Supreme Court Says EPA Went Too Far on Regulating Climate Change

On June 29, 2022, the U.S. Supreme Court ruled that an arcane portion of the Clean Air Act (“CAA”), infrequently used by the EPA, could not serve as appropriate delegation of legislative authority to regulate greenhouse gas. West Virginia v. EPA (No. 20-1530, June 2022). In the 6-3 decision, the Court found the EPA had no congressional authority to require the United States power sector to reallocate its power generation from existing power plants to newer cleaner sources of energy, such as wind, solar and natural gas, to achieve “best system of emission reduction (“BSER).” Instead, the Court found that the “major questions doctrine” required Congress to expressly enact such requirements.

The West Virginia v. EPA case makes it clear that there must be clear congressional authorization for the EPA to regulate major issues when the regulation changes the focus of the CAA.  EPA relied on the little used § 111(d) to impose significant restrictions on new and existing power plants, including phasing out, cap and trade and other types of limitations. A textual reading of the CAA § 111 states that the EPA can regulate power plants by setting “standard of performance” for their emission of certain pollutants into the air. That standard would be different depending on whether it was a new or existing plant but would reflect the “best system of emission reduction” (“BSER”).  The EPA concluded after calculating the BSER levels for states that the country would not meet emission reduction goals without more creative thinking.

In 2015, the Obama administration produced a broad new set of rules to regulate the new and existing power plants. One of those rules was the Clean Power Plan (“CPP”). The CPP was complex and required numerous calculations to determine allowable limits as BSER. States were to implement the plan, but the EPA, as opposed to the states, implemented 111(d). Where a state could not meet the BSER, it had to reduce coal-fired power plants, find ways to cap and trade emissions and other types of measures. The EPA used what it regarded as a reasonable amount of shift, which it based on modeling of how many renewable and cleaner sources of energy could supply without an undue cost and availability of power. In essence, the EPA was compelling the transfer of power generating capacity from existing sources to wind and solar.

The EPA repealed the Clean Power Plan in 2019 and replaced it with the Affordable Clean Energy (“ACE”) plan. The Petitioners in the case below asked for and received a stay of the CPP from the U.S. Supreme Court. West Va. v. EPA, 577 U.S. 1126(2016). The Court of Appeals then concluded that the statute could reasonably be read to encompass generation shifting and concluded the major questions doctrine did not apply.  It rejected the need for a clear statement of congressional intent to delegate power to the EPA and accordingly overturned the vacatur of the CPP and vacated and remanded the ACE.  With the new administration in 2021, the EPA then moved the Court of Appeals to partially stay the issuance of its mandate as it pertained to the CPP, even though the EPA was planning to rewrite it before it was otherwise effective. So, the case before the Supreme Court did not involve any existing rule that was effective.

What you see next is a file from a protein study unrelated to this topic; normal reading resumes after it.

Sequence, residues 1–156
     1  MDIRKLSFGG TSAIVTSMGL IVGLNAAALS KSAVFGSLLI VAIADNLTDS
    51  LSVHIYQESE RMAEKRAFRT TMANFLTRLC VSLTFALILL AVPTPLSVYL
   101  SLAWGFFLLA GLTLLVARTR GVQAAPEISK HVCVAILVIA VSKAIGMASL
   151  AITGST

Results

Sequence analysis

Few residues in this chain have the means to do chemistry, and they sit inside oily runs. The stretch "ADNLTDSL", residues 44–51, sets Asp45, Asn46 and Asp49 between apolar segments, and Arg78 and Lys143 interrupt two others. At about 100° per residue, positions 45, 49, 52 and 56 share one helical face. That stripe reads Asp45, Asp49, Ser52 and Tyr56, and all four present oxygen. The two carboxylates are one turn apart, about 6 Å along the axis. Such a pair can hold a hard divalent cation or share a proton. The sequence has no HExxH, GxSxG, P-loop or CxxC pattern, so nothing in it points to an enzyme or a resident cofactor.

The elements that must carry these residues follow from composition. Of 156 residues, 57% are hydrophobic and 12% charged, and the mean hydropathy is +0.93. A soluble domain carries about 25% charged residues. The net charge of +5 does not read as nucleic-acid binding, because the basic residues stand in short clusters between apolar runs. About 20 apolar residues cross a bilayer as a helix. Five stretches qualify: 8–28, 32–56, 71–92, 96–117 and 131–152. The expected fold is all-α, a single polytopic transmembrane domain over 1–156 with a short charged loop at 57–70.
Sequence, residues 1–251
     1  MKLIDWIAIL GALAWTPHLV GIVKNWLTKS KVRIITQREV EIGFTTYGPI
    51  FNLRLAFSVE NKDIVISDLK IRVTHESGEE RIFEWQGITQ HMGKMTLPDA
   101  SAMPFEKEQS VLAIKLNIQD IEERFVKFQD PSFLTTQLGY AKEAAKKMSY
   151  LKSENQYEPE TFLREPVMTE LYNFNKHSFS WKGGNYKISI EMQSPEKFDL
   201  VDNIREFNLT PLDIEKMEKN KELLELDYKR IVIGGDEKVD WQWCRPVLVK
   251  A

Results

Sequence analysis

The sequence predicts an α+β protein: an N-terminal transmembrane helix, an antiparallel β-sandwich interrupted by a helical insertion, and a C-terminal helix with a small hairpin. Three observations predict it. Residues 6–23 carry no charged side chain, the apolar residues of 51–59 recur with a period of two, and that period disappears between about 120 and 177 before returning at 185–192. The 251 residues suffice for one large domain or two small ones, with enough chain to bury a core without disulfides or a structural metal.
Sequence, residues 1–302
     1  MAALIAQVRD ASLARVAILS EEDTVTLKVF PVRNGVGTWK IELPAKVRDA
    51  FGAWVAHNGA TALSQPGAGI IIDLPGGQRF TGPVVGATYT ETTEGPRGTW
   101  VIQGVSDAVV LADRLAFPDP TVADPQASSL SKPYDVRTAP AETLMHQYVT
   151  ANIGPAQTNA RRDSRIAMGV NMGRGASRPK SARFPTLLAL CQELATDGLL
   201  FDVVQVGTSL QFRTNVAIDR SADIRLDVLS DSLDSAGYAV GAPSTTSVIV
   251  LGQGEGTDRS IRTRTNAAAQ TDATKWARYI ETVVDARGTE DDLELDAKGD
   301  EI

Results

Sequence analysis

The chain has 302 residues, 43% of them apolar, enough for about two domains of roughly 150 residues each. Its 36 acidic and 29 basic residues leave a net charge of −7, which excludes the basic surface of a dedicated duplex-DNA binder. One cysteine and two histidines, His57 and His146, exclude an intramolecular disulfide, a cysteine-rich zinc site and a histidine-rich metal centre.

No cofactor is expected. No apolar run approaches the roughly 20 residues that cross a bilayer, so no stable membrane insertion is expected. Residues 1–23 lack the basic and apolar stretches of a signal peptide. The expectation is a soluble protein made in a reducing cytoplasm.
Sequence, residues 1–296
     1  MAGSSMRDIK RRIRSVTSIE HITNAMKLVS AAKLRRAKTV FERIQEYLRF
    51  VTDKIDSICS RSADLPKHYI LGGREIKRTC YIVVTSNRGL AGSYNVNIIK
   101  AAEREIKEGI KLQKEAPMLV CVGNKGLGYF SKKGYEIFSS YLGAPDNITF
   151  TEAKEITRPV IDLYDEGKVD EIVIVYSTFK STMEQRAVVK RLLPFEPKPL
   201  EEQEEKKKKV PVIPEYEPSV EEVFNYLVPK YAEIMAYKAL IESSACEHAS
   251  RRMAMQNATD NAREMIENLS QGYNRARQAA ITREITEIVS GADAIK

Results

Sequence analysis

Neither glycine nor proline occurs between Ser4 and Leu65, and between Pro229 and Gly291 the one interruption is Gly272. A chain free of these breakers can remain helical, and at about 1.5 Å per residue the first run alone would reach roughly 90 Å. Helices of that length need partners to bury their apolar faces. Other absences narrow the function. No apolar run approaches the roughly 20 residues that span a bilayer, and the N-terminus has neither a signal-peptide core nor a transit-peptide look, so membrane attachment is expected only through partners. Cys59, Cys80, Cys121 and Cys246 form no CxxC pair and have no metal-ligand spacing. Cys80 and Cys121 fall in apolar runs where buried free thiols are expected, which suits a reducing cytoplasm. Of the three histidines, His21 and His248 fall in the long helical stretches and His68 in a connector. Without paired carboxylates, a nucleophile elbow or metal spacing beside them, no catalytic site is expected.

Chief Justice Roberts summed up the issue in the case:

The issue here is whether restructuring the Nation’s overall mix of electricity generation, to transition from 38% coal to 27% coal by 2030, can be the “best system of emission reduction” within the meaning of Section 111.

Said more clearly, the Court was determining whether 111(d) of the CAA empowers EPA to substantially restructure the American Energy market.

Instead, to attain the necessary “critical CO2 reductions,” EPA adopted what it called a “broader, forward-thinking approach to the design” of Section 111 regulations. Id., at 64703. Rather than focus on improving the performance of individual sources, it would “improve the overall power system by lowering the carbon intensity of power generation.” Ibid. (emphasis added). And it would do that by forcing a shift throughout the power grid from one type of energy source to another.

The Supreme Court ruling does not spell the end of EPA’s efforts to curb carbon dioxide emissions from one of the largest emitters, existing power plants, but it is clear that the EPA cannot restructure the power industry without a more traditional method. Since the rule was never effective anyway, its threat more than the actual reality is over. Despite the rhetoric, the Supreme Court did not strike down EPA’s right to regulate carbon emissions; rather it stated that at some point they are going to have to get Congressional authorization.

While there is broad speculation that this decision will mark a new chapter in Administrative Law, the actual case is limited to the specific section of the CAA and whether Congress expected pollution limits to be determined based on a restructure of the nation’s energy system. Certainly, this case can be an arrow in the quiver of every litigant challenging the validity of a rule and will continue to be cited.

The Court will hear Sackett v. EPA  in its Fall 2022 session. With the Court’s clean and shiny new “major questions” doctrine in mind, the definition of waters of the United States may be fertile grounds. The definition in the Clean Water Act of “Navigable waters” simply means “waters of the United States” with no further description. The EPA and Corps of Engineers have tried for some 30 years to provide a clear, durable definition of waters of the United States, but that has led to substantial litigation and at least three Supreme Court decisions.

Posted in: Climate Change
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